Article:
29 episodes

It seems that the future of blockchain industry can go down very different paths, and each path has its group of hard core believers. They can’t all be right. Perhaps by hearing the experts debate, the rest of us can compare their reasoning and see the future a bit more clearly. Whether you’re a builder or investor, whether you consider yourself blockchain-savvy or blockchain-curious, if you want to hear all arguments before predicting the future of blockchain, this podcast is for you. Follow our twitter at @blockdebate. Host: Richard Yan (@gentso09). See you soon! Consensus optional, proof of thought required.

The Blockchain Debate Podcast Richard Yan

    • Technology
    • 4.9 • 19 Ratings

It seems that the future of blockchain industry can go down very different paths, and each path has its group of hard core believers. They can’t all be right. Perhaps by hearing the experts debate, the rest of us can compare their reasoning and see the future a bit more clearly. Whether you’re a builder or investor, whether you consider yourself blockchain-savvy or blockchain-curious, if you want to hear all arguments before predicting the future of blockchain, this podcast is for you. Follow our twitter at @blockdebate. Host: Richard Yan (@gentso09). See you soon! Consensus optional, proof of thought required.

    Motion: Security is about maximizing the minimum set of colluding miners (Anatoly Yakovenko vs. Dankrad Feist)

    Motion: Security is about maximizing the minimum set of colluding miners (Anatoly Yakovenko vs. Dankrad Feist)

    Guests:

    Anatoly Yakovenko (twitter.com/aeyakovenko)
    Dankrad Feist (twitter.com/dankrad)
    Host:

    Richard Yan (twitter.com/gentso09)


    Today’s motion is “Security is about maximizing the minimum set of colluding miners.”

    This is a mouthful. The minimum set of colluding miners is the smallest cartel of dishonest block producers you need to attack a network. Maximizing that set is about increasing the size of such a successful cartel, essentially making it harder for block producers to collude. Note this debate statement leaves out full nodes. And that’s the essence of this debate: Are they important in securing the network?

    So, to get more context on this, take a look at a recent blogpost by Vitalik Buterin on limits to blockchain scalability. This article instigated the sparring between our guests on Twitter, and led to today’s debate. In his article, Vitalik argued that the ability for consensus nodes to collude and do bad things should be held in check by full nodes. And therefore, there’s a strong need for regular users to be able to run full nodes. 

    Today’s debate is essentially an examination of the validity of that statement. Is security about maximizing the minimum set of colluding miners (aka increasing the smallest number of consensus nodes required to censor or collude), or should we also worry about making sure to onboard more full nodes?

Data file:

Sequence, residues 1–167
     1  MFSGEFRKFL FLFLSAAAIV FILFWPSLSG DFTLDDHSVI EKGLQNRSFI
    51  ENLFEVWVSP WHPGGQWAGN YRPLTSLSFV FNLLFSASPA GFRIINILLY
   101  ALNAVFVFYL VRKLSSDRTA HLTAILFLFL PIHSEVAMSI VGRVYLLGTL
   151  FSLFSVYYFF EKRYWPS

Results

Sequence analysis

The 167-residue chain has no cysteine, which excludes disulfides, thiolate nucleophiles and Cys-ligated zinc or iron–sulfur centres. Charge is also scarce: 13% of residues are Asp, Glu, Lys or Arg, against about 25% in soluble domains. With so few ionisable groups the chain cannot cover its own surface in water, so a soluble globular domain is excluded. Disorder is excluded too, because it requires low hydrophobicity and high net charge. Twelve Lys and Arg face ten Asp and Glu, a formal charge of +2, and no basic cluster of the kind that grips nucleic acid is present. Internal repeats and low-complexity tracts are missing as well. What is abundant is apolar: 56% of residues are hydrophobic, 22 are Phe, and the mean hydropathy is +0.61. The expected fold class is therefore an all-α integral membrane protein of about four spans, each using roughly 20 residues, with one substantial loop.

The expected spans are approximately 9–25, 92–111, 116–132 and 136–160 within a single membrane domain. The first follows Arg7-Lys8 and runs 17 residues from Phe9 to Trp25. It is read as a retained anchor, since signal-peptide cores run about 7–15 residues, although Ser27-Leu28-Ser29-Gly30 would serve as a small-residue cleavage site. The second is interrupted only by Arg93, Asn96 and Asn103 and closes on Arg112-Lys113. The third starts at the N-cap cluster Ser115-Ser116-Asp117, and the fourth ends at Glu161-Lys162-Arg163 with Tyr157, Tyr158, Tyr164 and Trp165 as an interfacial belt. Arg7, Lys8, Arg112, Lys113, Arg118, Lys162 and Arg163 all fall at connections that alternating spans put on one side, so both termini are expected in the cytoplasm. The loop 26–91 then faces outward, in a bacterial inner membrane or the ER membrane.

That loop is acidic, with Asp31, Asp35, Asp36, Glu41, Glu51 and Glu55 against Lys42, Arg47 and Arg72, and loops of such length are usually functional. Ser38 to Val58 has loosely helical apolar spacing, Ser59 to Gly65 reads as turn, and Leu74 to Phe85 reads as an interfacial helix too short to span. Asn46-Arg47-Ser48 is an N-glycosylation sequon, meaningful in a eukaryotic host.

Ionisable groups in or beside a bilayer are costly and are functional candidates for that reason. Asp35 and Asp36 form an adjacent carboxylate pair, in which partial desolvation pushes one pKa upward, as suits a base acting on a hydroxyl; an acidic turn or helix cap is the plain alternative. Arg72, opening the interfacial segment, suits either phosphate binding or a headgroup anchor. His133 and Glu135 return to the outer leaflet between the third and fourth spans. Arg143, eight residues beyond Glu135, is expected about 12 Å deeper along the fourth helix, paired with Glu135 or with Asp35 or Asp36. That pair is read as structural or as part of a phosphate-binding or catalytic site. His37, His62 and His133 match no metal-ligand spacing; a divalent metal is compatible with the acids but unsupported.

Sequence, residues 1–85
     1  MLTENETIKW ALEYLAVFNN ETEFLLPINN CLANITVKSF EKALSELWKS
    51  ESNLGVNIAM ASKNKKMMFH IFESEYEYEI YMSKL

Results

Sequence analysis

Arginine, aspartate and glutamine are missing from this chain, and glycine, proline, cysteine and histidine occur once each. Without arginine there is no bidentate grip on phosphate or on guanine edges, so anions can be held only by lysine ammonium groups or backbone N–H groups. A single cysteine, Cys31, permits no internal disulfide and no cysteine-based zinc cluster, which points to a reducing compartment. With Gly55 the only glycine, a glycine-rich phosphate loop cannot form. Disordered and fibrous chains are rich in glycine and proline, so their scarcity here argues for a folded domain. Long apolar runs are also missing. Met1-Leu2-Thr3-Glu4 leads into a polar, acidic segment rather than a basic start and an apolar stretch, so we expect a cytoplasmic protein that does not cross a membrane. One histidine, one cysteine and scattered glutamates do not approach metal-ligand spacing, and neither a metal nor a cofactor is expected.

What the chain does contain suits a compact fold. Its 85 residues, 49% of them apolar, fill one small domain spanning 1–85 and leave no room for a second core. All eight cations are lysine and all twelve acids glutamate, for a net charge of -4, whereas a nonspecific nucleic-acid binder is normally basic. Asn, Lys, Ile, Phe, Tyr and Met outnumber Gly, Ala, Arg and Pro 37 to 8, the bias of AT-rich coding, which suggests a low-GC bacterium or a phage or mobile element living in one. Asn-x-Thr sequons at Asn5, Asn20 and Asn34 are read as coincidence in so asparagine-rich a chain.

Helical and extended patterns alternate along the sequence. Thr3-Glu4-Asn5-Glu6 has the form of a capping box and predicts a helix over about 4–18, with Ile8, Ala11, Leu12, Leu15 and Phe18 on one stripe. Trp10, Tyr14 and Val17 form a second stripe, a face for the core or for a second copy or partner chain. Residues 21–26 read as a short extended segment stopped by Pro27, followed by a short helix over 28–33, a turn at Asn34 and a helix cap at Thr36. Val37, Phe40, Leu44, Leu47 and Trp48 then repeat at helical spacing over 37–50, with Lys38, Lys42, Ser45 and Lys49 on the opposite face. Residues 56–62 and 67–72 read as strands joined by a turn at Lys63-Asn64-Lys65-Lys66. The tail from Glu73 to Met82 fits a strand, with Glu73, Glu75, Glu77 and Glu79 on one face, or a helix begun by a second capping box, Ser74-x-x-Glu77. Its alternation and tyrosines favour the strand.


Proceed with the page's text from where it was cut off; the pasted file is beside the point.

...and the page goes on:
The two debaters today are from Solana and ETH 2, respectively. When it comes to ensuring security of the network, they disagree on how important it is to make it easy to run full nodes.

    The debate took a major detour. The two debaters were very passionate about their respective projects and went down the rabbit hole several times pointing out potential weaknesses they see in each other’s designs. I decided to keep all of that in, because one way or another, those discussions found their way back to the topic at hand.

    If you’re into crypto and like to hear two sides of the story, be sure to also check out our previous episodes. We’ve featured some of the best known thinkers in the crypto space.

    If you would like to debate or want to nominate someone, please DM me at @blockdebate on Twitter.

    Please note that nothing in our podcast should be construed as financial advice.

    Source of select items discussed in the debate (and supplemental material):
    Multicoin article on Solana’s decentralization: https://multicoin.capital/2021/05/25/technical-scalability-creates-social-scalability/Solana’s dashboard for validators and full nodes: https://solanabeach.io/Dankrad Feist article on full nodes: https://dankradfeist.de/ethereum/2021/05/20/what-everyone-gets-wrong-about-51percent-attacks.htmlVitalik Buterin’s article on the limits of blockchain scaling: https://vitalik.ca/general/2021/05/23/scaling.html

    Guest bios:

    Anatoly is founder and CEO of Solana, a layer-1 public blockchain built for scalability without sacrificing decentralization or security, and in particular, without sharding. He was previously a software engineer at Dropbox, Mesosphere and Qualcomm.

    Dankrad Feist is a researcher at the Ethereum Foundation, working on ETH 2.0. He was previously an engineer for Palantir, and co-founded a healthcare startup named Cara Care.

    • 1 hr 25 min
    Motion: The US urgently needs to catch up on Central Bank Digital Currency (Robert Hockett vs. Lawrence White)